Experts offer advice on how to keep your dogs and cats happy and healthy all season long.

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The holidays are often filled with joy for us humans, but it can actually be a stressful time for your pets. All the lights, music, and decorations can cause anxiety for our dogs and cats. However, this doesn't mean you have to skip out on all the fun this year. You can still decorate your home, enjoy a delicious feast, and do all your other seasonal activities while keeping everyone safe. All you need to do is take some simple precautions to make your home pet-friendly for the holidays. Here, several pet experts offer their expertise on the most common issues dogs and cats face during Christmastime. Plus, how you can help.

Golden Retriever asleep on owner's legs with Christmas tree in background
Credit: FatCamera/Getty Images

1. Create a Safe Space

Although COVID-19 is preventing us from celebrating with large groups of people, any new noise can be a stressor for pets. Set up a safe, quiet place where they can retreat including a bed, food, water, and toys, says Jessa Paschke, behavior and training specialist with Mars Petcare North America. You can also muffle the noise of a small gathering with calming music. Does your dog get excited when the door opens? Place them in another room as guests arrive, then bring them in to mingle later. If you have a particularly nervous pet, ask your vet about essential oils or treats containing soothing herbs.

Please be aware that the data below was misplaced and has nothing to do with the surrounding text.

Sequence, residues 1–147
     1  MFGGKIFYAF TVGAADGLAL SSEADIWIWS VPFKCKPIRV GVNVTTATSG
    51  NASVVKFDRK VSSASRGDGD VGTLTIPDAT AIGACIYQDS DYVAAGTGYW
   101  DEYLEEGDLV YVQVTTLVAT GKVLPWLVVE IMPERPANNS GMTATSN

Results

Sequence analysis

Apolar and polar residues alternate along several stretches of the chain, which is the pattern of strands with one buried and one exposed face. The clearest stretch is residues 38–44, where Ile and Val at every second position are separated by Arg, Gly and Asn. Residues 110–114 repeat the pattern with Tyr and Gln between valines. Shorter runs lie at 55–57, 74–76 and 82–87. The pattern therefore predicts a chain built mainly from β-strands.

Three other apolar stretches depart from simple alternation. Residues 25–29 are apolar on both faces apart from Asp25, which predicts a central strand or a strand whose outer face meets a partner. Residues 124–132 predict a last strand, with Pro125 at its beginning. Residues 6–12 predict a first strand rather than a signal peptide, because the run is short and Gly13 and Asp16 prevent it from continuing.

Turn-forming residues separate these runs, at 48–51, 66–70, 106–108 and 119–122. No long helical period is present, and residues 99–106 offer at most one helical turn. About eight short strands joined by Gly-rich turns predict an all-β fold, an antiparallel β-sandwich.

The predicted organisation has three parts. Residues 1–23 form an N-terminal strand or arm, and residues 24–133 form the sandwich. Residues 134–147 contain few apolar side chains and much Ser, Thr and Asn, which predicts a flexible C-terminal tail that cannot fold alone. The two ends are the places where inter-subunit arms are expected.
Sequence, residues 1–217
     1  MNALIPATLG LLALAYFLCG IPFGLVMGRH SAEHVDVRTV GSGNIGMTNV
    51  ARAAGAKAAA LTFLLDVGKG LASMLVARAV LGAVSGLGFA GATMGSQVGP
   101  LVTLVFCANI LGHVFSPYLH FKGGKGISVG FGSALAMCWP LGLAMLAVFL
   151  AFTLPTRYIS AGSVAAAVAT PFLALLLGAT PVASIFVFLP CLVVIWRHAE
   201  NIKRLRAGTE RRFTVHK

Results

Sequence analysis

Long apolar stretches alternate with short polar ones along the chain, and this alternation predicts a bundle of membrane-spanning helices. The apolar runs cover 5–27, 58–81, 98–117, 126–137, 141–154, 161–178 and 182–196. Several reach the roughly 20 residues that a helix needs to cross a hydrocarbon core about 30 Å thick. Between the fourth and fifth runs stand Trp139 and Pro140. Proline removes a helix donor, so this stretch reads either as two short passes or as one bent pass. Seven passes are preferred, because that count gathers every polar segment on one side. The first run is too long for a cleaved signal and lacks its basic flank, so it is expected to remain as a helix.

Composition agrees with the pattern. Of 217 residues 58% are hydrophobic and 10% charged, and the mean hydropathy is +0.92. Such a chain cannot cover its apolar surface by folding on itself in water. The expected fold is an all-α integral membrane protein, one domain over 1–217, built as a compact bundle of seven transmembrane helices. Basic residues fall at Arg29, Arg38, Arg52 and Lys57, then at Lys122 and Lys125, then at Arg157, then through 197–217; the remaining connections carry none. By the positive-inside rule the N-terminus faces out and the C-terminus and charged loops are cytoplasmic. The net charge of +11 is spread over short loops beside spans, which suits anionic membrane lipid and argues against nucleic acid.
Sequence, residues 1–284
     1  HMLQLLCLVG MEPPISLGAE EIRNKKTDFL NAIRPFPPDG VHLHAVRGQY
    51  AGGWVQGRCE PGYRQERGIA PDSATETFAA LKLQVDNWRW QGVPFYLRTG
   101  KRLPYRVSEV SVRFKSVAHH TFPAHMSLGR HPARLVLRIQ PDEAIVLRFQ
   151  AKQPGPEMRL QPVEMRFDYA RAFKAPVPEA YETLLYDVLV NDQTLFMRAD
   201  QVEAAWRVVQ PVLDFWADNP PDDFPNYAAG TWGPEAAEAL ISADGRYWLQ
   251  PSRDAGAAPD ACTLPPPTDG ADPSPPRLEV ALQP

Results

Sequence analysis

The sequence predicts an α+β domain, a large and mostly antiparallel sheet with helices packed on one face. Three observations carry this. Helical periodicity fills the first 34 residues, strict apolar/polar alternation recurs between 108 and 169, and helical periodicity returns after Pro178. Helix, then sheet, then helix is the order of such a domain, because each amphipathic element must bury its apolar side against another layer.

2. Limit Table Scraps

No matter how much begging happens, don’t share holiday eats with pets. "The fat content in most holiday foods (gravy, fatty meat, mashed potatoes) can be too rich for cats and dogs and cause stomach, pancreas, and intestinal issues," says Sharon L. Campbell, D.V.M. at Zoetis Petcare. All bones are off-limits; they can splinter and cause internal damage. Also, know that foods toxic to pets tend to be ubiquitous around the holidays: chocolate, raisins, nuts, and alcohol. 

3. Stick to a Schedule

"Pets are creatures of habit and can become anxious when their routine is interrupted," Campbell says. Stick with their regular eating and exercising schedules as closely as possible, even if you have to make small adjustments like cutting short your dog’s morning walk. (If you use a pet sitter, have her adhere to the schedule too.) Carve out quality play and cuddle time with your pet; it’s calming and reassuring to them—and de-stressing for you. 

4. Decorate with Care

Your pet may want to check out all the new shiny baubles, which might mean a nibble here and there. Around the holidays, vets see an uptick in stomach issues from tinsel and ornaments, Campbell says. Block access to the tree by stacking presents around it (determined pets might need a baby safety fence put up) and covering the tree's opening stand with foil or plastic wrap so your pet can’t drink the water. The extra electrical cords out at this time of year are an increased temptation. Make sure you have lots of chew toys out as redirection and thread cords through covers pets can’t chew through.

By keeping a few things in mind, and paying attention to your pet's behavior, both your and your four-legged friend will have a happy holiday.

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